Local currency designed to boost local economy
CITIZEN COLLECTIVE Glasgow Pound Working Group (GPWG) are looking at ways to implement a citywide community currency to build a stronger local economy and get credit back into local people’s hands.
The initiative is working alongside groups such as the New Economics Foundation thinktank, Castlemilk Timebank, a community skills group and the People’s Bank of Govanhill.
Having held their People Powered Money: Building a community currency for Glasgow conference hosted by Glasgow City Council, the group is inviting people to an event on February 2 2017 to develop ideas on what a successful local economy would look like with a city-wide currency.
People Powered Money event, Glasgow 2016 from Ailie Rutherford on Vimeo.
Speaking to CommonSpace, a spokesperson for the GPWG said: “All over the world, community groups are ‘taking back the economy’ and re-designing money to better serve their needs.
“We want to show the many different forms community currencies can take, as well as the things they share in common – helping people to reclaim knowledge and power over our economies from the big private banks and re-design our systems of exchange to create more equal, sustainable and connected societies.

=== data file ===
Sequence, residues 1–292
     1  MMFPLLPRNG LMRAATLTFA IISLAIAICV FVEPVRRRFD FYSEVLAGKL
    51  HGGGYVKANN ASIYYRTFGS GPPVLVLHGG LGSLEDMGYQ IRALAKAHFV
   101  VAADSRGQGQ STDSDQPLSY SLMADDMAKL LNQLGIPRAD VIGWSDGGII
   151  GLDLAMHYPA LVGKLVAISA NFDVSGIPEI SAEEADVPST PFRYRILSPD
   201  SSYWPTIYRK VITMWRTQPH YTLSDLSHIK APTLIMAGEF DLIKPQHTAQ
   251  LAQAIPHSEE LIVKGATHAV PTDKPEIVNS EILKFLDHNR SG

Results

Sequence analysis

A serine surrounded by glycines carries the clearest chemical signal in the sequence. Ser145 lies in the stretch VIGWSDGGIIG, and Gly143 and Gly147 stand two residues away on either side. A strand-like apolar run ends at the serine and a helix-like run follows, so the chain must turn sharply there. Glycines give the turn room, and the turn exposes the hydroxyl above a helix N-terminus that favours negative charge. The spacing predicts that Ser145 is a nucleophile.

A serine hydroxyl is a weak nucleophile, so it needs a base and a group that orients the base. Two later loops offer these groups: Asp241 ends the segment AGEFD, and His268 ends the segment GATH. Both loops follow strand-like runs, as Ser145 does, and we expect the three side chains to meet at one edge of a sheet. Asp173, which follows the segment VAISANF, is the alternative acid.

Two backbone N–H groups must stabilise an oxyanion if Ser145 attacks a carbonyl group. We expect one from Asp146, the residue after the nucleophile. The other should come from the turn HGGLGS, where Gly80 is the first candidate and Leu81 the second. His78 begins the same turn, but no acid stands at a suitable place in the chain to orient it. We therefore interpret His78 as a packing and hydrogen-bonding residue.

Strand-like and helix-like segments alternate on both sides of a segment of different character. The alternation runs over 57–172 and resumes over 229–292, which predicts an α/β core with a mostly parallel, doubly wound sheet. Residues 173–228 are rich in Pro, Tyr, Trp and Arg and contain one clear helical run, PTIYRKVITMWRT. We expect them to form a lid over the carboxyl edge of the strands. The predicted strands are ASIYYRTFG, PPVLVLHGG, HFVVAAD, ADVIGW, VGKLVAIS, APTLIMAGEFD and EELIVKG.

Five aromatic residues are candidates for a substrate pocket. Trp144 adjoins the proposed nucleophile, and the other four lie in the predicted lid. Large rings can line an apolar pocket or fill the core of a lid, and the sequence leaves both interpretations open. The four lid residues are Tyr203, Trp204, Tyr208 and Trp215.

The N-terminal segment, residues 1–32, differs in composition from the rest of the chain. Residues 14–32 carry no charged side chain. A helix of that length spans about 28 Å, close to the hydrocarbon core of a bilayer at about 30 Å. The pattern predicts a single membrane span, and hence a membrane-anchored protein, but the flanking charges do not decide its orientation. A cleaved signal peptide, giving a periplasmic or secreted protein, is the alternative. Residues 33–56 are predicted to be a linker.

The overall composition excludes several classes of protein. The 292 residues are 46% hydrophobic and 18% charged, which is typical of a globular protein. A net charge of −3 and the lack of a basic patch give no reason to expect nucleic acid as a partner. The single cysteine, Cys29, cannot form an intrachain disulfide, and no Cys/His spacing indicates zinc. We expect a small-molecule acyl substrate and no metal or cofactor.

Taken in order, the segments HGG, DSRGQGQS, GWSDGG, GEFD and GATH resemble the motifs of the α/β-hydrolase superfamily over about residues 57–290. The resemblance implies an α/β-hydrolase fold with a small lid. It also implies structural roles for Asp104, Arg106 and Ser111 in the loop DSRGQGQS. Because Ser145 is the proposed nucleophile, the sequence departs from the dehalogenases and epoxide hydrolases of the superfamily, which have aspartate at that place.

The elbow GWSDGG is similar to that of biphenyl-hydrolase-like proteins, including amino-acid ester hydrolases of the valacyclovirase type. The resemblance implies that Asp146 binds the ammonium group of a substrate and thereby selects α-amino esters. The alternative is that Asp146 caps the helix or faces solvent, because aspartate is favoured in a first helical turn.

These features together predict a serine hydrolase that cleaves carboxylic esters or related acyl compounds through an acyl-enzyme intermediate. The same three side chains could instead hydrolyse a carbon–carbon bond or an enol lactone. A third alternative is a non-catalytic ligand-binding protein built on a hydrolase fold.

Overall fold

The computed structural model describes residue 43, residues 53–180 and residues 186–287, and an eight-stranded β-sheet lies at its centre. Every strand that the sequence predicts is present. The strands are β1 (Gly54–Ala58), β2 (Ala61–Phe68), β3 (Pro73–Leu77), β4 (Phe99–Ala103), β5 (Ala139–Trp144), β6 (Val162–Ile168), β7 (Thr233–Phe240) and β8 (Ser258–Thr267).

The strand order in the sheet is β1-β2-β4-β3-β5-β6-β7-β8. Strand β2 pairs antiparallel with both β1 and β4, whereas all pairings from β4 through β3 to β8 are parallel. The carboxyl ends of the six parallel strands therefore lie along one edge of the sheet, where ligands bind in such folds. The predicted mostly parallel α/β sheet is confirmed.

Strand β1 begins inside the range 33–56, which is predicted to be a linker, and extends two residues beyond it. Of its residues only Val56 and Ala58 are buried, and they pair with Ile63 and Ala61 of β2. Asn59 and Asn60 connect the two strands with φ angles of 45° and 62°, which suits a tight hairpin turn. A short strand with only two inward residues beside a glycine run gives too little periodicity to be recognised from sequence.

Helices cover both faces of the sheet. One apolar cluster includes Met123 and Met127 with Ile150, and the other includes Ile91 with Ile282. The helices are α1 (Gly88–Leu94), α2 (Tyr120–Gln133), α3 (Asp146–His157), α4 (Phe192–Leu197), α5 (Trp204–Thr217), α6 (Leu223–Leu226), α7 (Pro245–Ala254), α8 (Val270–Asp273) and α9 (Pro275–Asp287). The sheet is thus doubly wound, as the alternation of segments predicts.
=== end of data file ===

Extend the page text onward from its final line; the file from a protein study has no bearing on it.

“We want you to be inspired by the success of local economy initiatives in Scotland and beyond and then to contribute your ideas about how we can work together to re-think Glasgow’s money system.”
Looking at other examples inside the city, Scotland and around the UK, the group has said that the local economy is key to rejuvenating many areas which suffer from a lack of sustainable investment. At next year’s event people will be invited to Theory of Change (ToC) workshops that will help them think about the outcomes they want to create in the city.
For example, the Bristol Pound was the UK’s first citywide local currency and is now used to pay business rates, council tax, energy bills and train tickets. Since its launch in 2012, nearly 2 million Bristol Pounds have been put into circulation boosting the local economy.
Picture courtesy of Ellie Harrison
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